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Andy Murray 'didn't want to let Great Britain down' in Davis Cup

Andy Murray is lifted aloft by his Great Britain team-mates after winning the Davis Cup in 2015
Andy Murray helped Great Britain win the Davis Cup for the first time in 79 years in 2015

Andy Murray says he did not want to "let his country down" after deciding not to play Great Britain's Davis Cup tie in Glasgow next week.

The 31-year-old Scot will instead continue his rehabilitation following hip surgery in January.

With the Davis Cup format changing, it could have been his last chance to play competitively in Scotland.

"I found this decision emotionally challenging," the former world number one

View this post on Instagram

I just wanted to write a quick message to apologise to the British davis cup team and all the fans who are coming to watch in Glasgow and support on tv. I have genuinely loved competing in this Davis cup format over the course of my career and have had some of the most memorable and special moments (the lob) of my career competing for my country. With this possibly being my last chance to compete in Scotland as a professional I really wanted to be there with team and found this decision emotionally quite challenging. I had spoken to our captain, Leon, about possibly coming to just play doubles but having been recommended to take a couple of weeks off hitting to continue my reconditioning I didn't want to just show up not ready to perform to a high enough standard and ultimately let my teammates/country down. If I don't get the chance to compete in Scotland again I just want to say thank you so much to all the fans who have come along to watch and support the team over the years. You have created some incredible atmospheres for me and the team to play in and I will always remember that. Having been born in Glasgow and growing up in Scotland I would never have imagined I would see such passionate fans packing out stadiums for tennis matches. Playing with my Big Bro in those stadiums has been very very special. Thank you so much again.. I'll miss you ๐Ÿ˜ข๐Ÿ‘‹ ๐ŸŽผ by yon bonnie banks and by yon bonnie braes๐ŸŽผ #tennis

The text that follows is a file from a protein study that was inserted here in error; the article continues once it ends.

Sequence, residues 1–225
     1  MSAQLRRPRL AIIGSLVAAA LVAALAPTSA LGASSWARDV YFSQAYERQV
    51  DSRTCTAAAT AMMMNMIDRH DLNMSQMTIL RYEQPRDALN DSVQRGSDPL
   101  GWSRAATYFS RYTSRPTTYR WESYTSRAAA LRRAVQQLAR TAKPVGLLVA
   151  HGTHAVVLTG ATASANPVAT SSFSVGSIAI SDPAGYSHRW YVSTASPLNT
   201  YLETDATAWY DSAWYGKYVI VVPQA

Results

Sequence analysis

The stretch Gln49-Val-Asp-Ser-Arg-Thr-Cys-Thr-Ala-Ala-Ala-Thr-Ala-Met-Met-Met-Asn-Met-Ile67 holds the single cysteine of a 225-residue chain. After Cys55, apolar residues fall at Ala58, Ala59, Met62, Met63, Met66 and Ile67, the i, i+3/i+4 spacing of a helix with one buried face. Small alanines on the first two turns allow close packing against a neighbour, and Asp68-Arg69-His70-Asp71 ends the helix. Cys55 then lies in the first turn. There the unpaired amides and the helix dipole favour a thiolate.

A post shared by Andy Murray (@andymurray) on

"Having been born in Glasgow and growing up in Scotland I would never have imagined I would see such passionate fans packing out stadiums for tennis matches."

Murray, who helped Britain win the Davis Cup for the first time in 79 years in 2015, has only played seven tournaments since returning to competitive action in June, with his Grand Slam comeback ending in the second round of the US Open last week.

The three-time major champion says he spoke to British captain Leon Smith about only playing in the doubles before deciding his best long-term option was to miss the World Group play-off against Uzbekistan.

Instead, he will continue with rehabilitation work away from the court.

"Having been recommended to take a couple of weeks off hitting to continue my reconditioning, I didn't want to just show up not ready to perform to a high enough standard and ultimately let my team-mates and country down," Murray said.

"With this possibly being my last chance to compete in Scotland as a professional I really wanted to be there with the team."

Kyle Edmund, the British number one, also misses out on next week's tie, but Dan Evans, Cameron Norrie and Jay Clarke are included.

Jamie Murray and Dom Inglot, specialist doubles players, have also been picked for the World Group play-off tie, which starts on 14 September.

A first-round loss to Spain in February means Great Britain are featuring in the play-offs for the first time since joining the top-level World Group in 2014.

The format of the tournament is changing next year - it is turning into a season-ending 18-team event - so this tie will no longer determine a relegation.

Andy Murray's Instagram post in which he apologises to Davis Cup fans for not competing in Glasgow next week. It shows a picture of him fist-pumping his brother Jamie.
Andy Murray posted an emotional message on Instagram

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